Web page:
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Thread: All-Time SF&F Bestseller List
October 25th, 2008, 02:47 PM #1
All-Time SF&F Bestseller List
A question that comes up a fair bit on literature forums is: "How many books has Author X sold?". Compared to TV, where audience figures are easily available, and movies, where box office figures are even more easily retrieved, book sales figures are virtually impossible to calculate for an interested member of the public. The advent of the BookScan system in the USA has made this slightly easier, but the system is relatively new (introduced in 2001), it doesn't pick up every sale (according to Nielsen it tracks about 70% of sales) and only works in the USA (whilst more than half of the sales of titles take place outside that market). The New York Times and the UK Times offer their own figures, but refuse to disclose how those figures are reached. Publishers generally don't publish figures at all unless the book gets picked up for a movie option, or if the sales reach phenomenal levels. And of course often when figures are given they are for 'books in print' (i.e., the total number of copies of a book that exist, including those sitting unsold on bookshelves) rather than for books actually put through the till. Add to this the recent upswing in pirating books online, and the number of books where illegal or untracked editions have been printed in nations with a relaxed attitude to copyright, and you can see the difficulties faced in assembling any kind of all-time bestseller list.
For that reason, the following list should be taken with a grain of salt the size of Lake Michigan (the source for most of the figures is Wikipedia, unless otherwise noted):
1) J.K Rowling (350 million)
The Harry Potter series has been a phenomenon the likes of which publishing has never seen. In less than a decade, Rowling went from an impoverished single mother writing in an Edinburgh cafe to one of the richest women in the world, overtaking dozens of writers who had been working for decades in the process.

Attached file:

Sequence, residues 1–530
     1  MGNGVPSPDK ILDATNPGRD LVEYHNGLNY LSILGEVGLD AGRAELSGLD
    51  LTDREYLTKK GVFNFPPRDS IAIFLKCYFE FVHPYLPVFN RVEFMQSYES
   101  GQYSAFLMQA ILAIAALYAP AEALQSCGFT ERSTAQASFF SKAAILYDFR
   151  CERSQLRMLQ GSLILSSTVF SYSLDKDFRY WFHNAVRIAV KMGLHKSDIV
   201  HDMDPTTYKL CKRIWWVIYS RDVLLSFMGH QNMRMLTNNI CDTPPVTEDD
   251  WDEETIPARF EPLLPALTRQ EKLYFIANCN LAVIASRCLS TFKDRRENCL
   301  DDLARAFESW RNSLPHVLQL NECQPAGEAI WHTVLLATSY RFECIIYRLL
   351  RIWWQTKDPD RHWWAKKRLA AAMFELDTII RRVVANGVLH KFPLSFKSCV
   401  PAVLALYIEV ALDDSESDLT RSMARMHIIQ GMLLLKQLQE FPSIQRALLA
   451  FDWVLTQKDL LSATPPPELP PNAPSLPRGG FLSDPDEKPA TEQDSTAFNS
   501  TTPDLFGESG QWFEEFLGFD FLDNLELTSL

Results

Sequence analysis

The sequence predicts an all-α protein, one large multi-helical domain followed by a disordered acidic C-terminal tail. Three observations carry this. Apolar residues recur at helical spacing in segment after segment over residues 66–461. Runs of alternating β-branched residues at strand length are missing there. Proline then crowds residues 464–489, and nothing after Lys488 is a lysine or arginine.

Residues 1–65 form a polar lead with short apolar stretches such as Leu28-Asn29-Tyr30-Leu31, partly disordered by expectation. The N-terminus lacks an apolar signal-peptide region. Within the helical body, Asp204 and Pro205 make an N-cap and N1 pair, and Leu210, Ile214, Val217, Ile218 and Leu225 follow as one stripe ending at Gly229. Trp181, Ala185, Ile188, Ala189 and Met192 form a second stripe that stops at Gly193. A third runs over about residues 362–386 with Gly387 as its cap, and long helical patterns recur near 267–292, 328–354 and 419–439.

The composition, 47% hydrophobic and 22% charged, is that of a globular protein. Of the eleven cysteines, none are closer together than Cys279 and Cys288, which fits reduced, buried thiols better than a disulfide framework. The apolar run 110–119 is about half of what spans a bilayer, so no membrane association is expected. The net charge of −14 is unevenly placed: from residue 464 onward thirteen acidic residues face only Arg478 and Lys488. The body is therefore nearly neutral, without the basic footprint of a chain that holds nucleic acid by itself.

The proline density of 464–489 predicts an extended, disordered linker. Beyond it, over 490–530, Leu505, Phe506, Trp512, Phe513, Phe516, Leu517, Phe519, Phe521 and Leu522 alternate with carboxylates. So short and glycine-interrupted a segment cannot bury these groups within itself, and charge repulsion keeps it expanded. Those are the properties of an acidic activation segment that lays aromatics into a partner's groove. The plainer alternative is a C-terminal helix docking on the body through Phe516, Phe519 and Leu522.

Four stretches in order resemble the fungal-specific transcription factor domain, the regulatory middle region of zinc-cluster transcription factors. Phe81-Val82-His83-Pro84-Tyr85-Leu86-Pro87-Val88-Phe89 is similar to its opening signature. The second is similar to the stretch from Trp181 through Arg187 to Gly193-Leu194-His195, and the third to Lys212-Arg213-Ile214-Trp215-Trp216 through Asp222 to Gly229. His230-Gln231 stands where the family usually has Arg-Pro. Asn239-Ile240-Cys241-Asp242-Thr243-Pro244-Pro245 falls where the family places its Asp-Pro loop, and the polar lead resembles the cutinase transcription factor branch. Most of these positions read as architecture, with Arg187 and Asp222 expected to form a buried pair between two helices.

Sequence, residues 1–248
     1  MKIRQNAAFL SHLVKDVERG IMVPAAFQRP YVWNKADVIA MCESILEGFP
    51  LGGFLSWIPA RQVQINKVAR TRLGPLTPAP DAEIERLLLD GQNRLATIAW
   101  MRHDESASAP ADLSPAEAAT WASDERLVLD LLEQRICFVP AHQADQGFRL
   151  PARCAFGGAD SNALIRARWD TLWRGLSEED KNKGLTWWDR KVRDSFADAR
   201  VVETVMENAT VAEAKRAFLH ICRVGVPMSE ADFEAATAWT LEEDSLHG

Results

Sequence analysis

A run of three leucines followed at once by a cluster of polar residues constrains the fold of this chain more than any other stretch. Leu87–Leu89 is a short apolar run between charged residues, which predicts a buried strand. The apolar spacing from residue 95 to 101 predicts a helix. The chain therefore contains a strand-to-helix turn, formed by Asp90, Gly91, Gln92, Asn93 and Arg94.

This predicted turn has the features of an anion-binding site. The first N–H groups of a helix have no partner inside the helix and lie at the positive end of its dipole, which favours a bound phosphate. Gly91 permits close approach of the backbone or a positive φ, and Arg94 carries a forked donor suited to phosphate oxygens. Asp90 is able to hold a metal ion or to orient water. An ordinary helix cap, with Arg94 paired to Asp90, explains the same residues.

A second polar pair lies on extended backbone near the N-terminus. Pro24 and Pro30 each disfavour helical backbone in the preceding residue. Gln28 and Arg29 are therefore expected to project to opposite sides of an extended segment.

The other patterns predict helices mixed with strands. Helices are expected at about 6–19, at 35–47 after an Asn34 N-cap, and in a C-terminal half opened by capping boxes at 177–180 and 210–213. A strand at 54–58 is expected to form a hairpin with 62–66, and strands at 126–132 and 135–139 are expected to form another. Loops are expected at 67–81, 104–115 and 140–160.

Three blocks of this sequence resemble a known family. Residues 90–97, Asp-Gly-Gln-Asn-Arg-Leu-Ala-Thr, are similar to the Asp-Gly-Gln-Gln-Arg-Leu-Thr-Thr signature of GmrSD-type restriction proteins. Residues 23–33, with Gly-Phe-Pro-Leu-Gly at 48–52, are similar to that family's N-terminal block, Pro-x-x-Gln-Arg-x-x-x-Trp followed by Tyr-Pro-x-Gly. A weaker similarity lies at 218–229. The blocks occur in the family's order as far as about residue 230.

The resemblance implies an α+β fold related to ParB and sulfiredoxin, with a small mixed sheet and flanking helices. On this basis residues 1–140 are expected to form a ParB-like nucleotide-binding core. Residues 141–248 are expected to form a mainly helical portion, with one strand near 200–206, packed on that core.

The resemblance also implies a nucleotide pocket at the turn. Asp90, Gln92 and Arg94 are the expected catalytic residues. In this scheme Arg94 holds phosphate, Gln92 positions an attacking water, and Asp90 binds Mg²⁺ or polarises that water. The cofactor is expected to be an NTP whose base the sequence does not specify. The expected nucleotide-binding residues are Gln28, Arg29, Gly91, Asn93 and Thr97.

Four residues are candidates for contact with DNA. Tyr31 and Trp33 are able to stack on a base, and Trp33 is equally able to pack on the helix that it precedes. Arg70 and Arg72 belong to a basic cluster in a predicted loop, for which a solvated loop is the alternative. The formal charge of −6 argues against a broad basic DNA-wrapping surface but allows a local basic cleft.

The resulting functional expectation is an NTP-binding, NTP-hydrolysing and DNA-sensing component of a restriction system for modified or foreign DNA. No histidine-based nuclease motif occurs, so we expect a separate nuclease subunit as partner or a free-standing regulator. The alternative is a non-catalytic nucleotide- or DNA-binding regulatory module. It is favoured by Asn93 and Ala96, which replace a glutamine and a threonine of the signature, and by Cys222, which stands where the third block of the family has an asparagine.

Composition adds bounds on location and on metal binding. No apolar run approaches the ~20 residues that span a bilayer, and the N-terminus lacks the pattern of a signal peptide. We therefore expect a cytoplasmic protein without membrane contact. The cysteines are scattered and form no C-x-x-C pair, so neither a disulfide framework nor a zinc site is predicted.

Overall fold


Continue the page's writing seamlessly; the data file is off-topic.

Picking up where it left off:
2) Stephen King (350 million)
In The Encyclopedia of Fantasy (1996), it was stated that Stephen King's total worldwide sales in all languages are probably incalculable, and the figure given above is on the conservative side of things. I've seen some figures suggesting he has sold twice this amount, but the 350m figure seems to crop up most often. Some may argue that Horror isn't necessarily part of the SF&F genre either and King shouldn't be counted, but most of his horror features supernatural forces, which firmly places it as a subset of Fantasy. Also, no-one would really argue that Eyes of the Dragon and the Dark Tower series aren't fantasy, and both of these works are set in the same multiverse as most (or, as some fans argue, all) of his other books, which puts him firmly in the Fantasy genre.
3) JRR Tolkien (c. 300 million)
Tolkien's sales really are incalculable, given how widely his books have been copied, published without permission and distributed worldwide in the last fifty years. However, it is pretty clear that by itself The Lord of the Rings is the biggest-selling single genre novel of all time, and possibly the biggest-selling single novel full stop of all time. 50 million copies of the novel have been sold this century alone. When you factor in the massive sales of The Hobbit, and the smaller but still significant sales of The Silmarillion, Unfinished Tales and The Children of Hurin, plus his non-Middle-earth work, Tolkien is clearly a major force in SF&F publishing, arguably all the more notable as his output was small compared to some others on this list.
4) CS Lewis (120 million)
It is perhaps fitting that Tolkien's one-time best friend and sometimes collaborator should be next on the list. The 120 million sales is allegedly for his Chronicles of Narnia series by itself, and doesn't include his numerous non-fiction books or his other novels, such as his Space Trilogy.
5) Anne Rice (100 million)
A surprisingly high number from an author who hasn't produced a truly noteworthy book in some time.
6) Terry Pratchett (55 million)
Up until Rowling overtook him around the turn of the century Pratchett was a bona-fide phenomenon, publishing at least two novels a year for almost twenty years and being responsible for the sales of over 1% of all books sold in the UK and his books hitting the top of the Times bestseller lists like clockwork. Major success in the USA had eluded him until The Amazing Maurice and His Educated Rodents won the Carnegie Prize in 2001. Following on from that, his US profile steadily rose until his books began hitting the NYT bestseller list as well. Aside from the occasional bit of mickey-taking, Pratchett was good-natured about losing out on his position as Fantasy's biggest-selling living author (with the King debate still going on) to Rowling, although his ire was provoked when some Potter fans complained that Equal Rites (1987) ripped off Harry Potter and the Philosopher's Stone (1997), demonstrating a flexible interpretation of causality. Whilst Pratchett has now been firmly overtaken by Rowling, he bore it with equanimity and proudly maintains his position as the UK's most shoplifted author.